Andris Nelsons’ final Boston Symphony program of the season contrasted the all-consuming, destructive force of the release of passion suppressed and the contentment and tranquility of passion domesticated with two works by Wagner: Act 2 from Tristan und Isolde and the Siegfried Idyll. A sense of occasion and the buzz of anticipation rustled Symphony Hall with four of the six singers making their BSO debuts and accomplished Wagnerians, Jonas Kaufmann and Camilla Nylund, singing the title roles for the first time.

Andris Nelsons, Camilla Nylund, Jonas Kaufmann and the Boston Symphony © Hilary Scott
Andris Nelsons, Camilla Nylund, Jonas Kaufmann and the Boston Symphony
© Hilary Scott

Wagner sketched, then abandoned, several pieces devoted to members of his family before finally completing the Siegfried Idyll as a birthday gift for his wife. Although born on 24th December, Cosima always celebrated her birthday on Christmas Day. On Christmas morning 1870, she woke to the strains of the Idyll with her husband leading thirteen members of the Tonhalle Orchestra deployed on the landing of the main staircase. Wagner recycled some of the material from his previous attempts and incorporated music from Siegfried to create a highly personal, affectionate love letter to his wife and children, Eva and the 18-month-old “Fidi” (Siegfried) in particular. The original title, Tribschen Idyll with Fidi’s birdsong and the orange sunrise as symphonic birthday greeting betrays the specificity of his inspiration. The orange wallpaper which decorated Cosima’s bedroom in their Tribschen villa glowed spectacularly with the rays of the rising sun, gilding the room and his wife and child with its reflected light. Nelsons played the Idyll as a dawn piece, suffused with this mellow light and imbued with the repose of a world rolling over and slowly wakening. Anyone who has experienced dawn in the Alps, would have seen it in the music.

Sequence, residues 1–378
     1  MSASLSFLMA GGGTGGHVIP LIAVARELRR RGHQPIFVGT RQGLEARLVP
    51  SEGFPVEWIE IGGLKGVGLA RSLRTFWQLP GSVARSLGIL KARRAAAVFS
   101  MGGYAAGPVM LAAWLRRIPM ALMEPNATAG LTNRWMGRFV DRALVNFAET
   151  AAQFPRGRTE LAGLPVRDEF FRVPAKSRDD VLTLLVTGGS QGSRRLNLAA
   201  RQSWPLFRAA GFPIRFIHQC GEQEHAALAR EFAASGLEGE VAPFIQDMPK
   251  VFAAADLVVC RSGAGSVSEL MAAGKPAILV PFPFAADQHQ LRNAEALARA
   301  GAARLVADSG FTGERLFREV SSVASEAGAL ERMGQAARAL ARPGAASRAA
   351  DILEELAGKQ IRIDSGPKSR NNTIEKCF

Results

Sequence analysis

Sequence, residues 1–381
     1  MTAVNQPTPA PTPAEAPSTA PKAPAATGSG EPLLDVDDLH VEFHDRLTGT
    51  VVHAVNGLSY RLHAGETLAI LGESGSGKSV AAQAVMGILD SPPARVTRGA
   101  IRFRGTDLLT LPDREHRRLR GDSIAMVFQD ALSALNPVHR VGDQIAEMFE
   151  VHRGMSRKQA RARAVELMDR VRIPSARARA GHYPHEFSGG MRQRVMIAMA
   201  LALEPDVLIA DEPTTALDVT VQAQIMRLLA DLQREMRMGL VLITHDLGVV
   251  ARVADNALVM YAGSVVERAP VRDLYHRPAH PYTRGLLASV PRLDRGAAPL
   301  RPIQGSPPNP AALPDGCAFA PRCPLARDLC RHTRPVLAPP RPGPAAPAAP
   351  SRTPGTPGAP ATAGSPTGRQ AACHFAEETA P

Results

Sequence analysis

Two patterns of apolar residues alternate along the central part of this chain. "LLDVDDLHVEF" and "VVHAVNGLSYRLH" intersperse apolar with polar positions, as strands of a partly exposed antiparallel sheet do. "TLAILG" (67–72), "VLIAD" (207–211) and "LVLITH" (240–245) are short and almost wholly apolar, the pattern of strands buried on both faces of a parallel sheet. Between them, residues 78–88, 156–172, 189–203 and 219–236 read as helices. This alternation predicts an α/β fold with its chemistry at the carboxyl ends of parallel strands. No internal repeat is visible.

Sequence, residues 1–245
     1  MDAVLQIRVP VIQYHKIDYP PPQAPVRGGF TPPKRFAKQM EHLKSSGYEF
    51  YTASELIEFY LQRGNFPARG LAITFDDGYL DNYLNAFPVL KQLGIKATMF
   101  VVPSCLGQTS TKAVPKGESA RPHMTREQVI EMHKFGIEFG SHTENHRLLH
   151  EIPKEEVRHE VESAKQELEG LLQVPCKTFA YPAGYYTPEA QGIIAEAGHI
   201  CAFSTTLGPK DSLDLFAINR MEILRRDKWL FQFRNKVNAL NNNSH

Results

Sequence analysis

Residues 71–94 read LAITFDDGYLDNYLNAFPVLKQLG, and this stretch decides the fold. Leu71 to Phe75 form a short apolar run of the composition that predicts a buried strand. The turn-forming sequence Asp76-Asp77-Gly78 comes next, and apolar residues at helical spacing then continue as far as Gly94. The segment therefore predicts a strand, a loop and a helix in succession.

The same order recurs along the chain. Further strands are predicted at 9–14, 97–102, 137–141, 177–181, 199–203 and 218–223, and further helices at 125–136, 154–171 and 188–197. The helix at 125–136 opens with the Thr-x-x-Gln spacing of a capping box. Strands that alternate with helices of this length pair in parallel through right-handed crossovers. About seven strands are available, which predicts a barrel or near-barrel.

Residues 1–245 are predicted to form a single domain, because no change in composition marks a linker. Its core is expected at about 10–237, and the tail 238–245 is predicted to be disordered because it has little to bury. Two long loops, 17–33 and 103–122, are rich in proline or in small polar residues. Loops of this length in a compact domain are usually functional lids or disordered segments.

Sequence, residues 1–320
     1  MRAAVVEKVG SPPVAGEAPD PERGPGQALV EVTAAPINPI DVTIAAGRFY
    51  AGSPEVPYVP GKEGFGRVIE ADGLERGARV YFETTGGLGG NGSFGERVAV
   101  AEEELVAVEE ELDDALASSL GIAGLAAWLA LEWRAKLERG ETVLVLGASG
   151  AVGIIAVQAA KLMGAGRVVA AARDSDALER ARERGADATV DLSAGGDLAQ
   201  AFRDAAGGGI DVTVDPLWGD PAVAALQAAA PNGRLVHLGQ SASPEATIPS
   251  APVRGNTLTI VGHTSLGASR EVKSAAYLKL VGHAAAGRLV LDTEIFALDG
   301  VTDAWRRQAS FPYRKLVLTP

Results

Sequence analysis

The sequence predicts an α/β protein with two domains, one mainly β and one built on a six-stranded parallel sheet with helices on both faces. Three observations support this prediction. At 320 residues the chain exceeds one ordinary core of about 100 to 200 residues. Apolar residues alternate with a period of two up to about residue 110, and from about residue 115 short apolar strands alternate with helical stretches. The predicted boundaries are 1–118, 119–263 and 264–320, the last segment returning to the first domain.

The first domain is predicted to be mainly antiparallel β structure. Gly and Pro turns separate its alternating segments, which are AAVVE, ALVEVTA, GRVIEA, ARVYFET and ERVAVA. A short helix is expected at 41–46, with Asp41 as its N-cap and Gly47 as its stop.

In contrast, Tristan und Isolde’s Act 2 is primarily a night piece. Its only light comes from fire, both literally, in the form of Brangäne’s torch, and figuratively, in the burning ardor of Tristan and Isolde themselves, under the spell of the Love Potion. Nelsons carried the chamber music intimacy of the Idyll over into the quieter, more languorous passages of the lovers’ long duet. With traditional cuts opened, it took up nearly half of the act’s eighty plus minutes.

Both Kaufmann and Nylund were anchored to their scores. A few, brief, tentative moments aside, the tenor was in excellent voice, his top ringing freely and his skill at singing softly and with legato while avoiding crooning a boon in the softer passages. He often brings to mind Ramón Vinay in vocal quality and dramatic commitment, though his voice is more flexible, not as burly, nor his top veiled. In an interview on local radio, he had referred to the role in terms more descriptive of a Parkour obstacle course. That image seemed foremost in his mind as his eyes remained, for the most part, glued to his score. His usual attention to weighing and shading the words of the text was less in evidence as well, but that is likely to improve with familiarity and was perhaps for the best, given some of the nine-syllable nonsense Wagner puts in the mouths of his lovers.

Nylund‘s soprano had a smoky quality which lifted as her voice rose. It sometimes lacked the heft to cut through Wagner’s lusher orchestration, but that should change as she becomes more comfortable in her role and more confident when those challenges arise. Both singers stood at either side of the podium, but their voices still complemented each other and intertwined like the climbing tendrils of a nocturnal blooming vine. Overall, they seemed understandably cautious.

Not so Georg Zeppenfeld, a Bayreuth veteran who sang without a score and was the most dramatically involved. Time stands still for Marke’s monologue which, in the wrong hands, can seem interminable. Zeppenfeld's sonorous bass and nuanced, heartfelt rendition held the listener rapt. Mihoko Fujimura’s Brangäne was mellow and warm, her ominous warning floating through the orchestral nightscape. Local stalwart, David Kravitz, and Andrew Rees as Kurwenal and Melot didn’t allow the brevity of their parts to prevent presenting a distinct character.

Andris Nelsons is known for his attention to detail. In this case, however, some faster tempo choices tended to obscure some of the subtleties of the score. Otherwise, he and the orchestra delivered a dynamic, well and dramatically paced, psychotropic performance.

Four years ago, Kaufmann made his BSO debut. Discussions about performing Act 2 began then. Though he envisions Tannhäuser as his next Wagner role, Tristan would be an important stop on his journey to his ultimate goal, Siegfried. He aims to perform the Breton nobleman complete in three years time. Let’s hope discussions have begun to have him do it here.